Mr. Welsh had a great affinity for Rice, and the feeling was mutual. His grandson became the bat boy, complete with the perks of that unique job. There still was one part of the job, however, that was as elusive for Moles as it is for the majority for those who spend a lifetime in college baseball -- a trip to Omaha. A lesson from 2003 is that even for as certain as things seem, there's always going to be something that has to work itself out or simply has to fall into place.

"I was a bat boy for great Rice teams but initially I never went with them to Omaha," Moles said. "I was supposed to go in 2002, and it just didn't work out for whatever reasons. In 2002 told my parents, `next year, I really want to go because we're going to be even better.'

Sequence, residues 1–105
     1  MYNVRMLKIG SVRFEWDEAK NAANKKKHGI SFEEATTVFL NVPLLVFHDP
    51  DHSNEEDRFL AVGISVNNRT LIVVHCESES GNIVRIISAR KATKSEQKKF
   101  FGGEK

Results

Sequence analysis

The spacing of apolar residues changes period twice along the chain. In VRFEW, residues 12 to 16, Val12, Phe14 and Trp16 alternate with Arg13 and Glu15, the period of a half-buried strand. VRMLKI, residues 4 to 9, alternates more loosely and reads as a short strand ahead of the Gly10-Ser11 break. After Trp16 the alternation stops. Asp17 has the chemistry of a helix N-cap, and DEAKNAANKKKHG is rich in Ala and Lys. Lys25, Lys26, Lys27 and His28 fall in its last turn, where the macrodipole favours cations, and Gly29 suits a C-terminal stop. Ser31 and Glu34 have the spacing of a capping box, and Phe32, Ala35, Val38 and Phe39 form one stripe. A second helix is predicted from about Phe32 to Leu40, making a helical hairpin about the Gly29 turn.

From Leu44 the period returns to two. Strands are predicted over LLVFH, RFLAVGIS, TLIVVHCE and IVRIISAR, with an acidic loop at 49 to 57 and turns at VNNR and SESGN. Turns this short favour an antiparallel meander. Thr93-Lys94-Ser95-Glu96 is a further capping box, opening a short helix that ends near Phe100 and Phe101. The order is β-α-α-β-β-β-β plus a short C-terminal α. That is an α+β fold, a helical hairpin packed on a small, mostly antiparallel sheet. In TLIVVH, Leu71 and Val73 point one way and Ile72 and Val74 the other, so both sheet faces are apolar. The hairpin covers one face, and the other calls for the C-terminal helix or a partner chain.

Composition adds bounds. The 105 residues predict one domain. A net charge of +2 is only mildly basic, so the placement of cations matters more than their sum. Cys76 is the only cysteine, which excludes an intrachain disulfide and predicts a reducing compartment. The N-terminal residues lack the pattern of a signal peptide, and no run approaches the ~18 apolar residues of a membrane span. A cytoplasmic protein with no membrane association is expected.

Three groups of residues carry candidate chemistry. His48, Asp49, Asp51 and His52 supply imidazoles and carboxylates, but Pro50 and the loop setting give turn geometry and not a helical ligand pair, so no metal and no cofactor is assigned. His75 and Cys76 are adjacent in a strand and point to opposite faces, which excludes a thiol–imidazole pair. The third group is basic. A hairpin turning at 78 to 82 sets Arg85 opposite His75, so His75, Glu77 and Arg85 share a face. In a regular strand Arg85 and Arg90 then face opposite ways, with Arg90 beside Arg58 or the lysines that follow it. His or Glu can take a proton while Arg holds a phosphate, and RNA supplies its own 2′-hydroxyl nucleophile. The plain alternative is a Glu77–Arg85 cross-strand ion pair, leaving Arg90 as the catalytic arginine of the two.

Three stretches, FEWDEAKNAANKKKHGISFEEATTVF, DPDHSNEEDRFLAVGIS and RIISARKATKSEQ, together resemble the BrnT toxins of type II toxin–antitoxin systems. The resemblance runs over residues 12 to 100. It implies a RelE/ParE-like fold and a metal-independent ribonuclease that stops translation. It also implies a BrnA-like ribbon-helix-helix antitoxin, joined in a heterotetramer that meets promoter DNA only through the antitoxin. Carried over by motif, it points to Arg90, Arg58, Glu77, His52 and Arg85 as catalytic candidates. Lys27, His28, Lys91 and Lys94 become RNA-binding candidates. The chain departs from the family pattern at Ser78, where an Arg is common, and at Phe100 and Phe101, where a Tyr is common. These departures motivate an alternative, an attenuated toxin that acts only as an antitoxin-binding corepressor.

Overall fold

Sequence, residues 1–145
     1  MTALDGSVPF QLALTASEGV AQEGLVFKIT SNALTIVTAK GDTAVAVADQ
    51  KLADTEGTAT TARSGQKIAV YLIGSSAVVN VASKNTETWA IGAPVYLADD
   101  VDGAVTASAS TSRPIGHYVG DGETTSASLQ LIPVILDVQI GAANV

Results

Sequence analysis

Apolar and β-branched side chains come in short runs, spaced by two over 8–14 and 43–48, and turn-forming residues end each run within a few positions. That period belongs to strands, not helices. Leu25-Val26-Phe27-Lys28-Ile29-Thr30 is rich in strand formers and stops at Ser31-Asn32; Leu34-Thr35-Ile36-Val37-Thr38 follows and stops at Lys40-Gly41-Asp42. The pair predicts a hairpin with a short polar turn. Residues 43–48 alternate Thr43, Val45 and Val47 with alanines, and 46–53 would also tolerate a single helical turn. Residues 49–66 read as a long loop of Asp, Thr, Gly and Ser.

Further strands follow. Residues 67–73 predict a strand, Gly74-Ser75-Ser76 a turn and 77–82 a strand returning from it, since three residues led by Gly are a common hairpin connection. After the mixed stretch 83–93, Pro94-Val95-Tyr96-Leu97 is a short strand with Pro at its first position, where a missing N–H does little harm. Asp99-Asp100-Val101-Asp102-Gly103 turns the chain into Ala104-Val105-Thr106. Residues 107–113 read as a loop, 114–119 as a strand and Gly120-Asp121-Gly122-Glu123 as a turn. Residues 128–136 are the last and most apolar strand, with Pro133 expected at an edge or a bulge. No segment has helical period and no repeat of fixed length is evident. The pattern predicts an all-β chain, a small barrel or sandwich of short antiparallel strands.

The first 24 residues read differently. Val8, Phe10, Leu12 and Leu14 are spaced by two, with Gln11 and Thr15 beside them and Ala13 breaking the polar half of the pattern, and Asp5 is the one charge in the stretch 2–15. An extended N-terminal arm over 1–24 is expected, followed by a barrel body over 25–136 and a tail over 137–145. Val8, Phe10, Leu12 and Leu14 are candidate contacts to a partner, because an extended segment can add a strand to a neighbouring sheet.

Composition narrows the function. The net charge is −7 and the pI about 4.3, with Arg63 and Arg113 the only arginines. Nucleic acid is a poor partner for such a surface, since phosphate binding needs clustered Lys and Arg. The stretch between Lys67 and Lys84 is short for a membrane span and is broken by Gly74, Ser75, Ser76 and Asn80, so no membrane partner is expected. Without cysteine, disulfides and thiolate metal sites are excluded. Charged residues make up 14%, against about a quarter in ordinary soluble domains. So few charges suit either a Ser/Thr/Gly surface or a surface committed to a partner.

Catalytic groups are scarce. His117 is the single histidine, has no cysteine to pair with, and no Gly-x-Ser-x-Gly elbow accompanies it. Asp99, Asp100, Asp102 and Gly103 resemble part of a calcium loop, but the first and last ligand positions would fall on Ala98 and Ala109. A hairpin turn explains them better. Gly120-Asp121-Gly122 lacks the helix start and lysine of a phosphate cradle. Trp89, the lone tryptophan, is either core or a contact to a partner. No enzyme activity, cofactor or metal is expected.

"For me and the team, everything in 2003 finally fell into place," Moles said. "Rice hosted U.H. in the Super Regional that year, and right before the series I reminded my dad, I want to go this time. He said `we'll see.' The Super Regional went to three games and it was a great series. As we were driving home my dad, who is not even a Rice grad said, `we're definitely going to make that trip to Omaha.'

"I was playing Little League at the time and it was great experience being around those Rice players. It was helpful for me as a young baseball player and I enjoyed everyone on those teams. I really liked Austin Davis, Paul Janish and A.J. Porfirio, and I still do. Interacting with Josh Baker was always a blast. It's fun to see them all these years later and tell them I now work at Rice."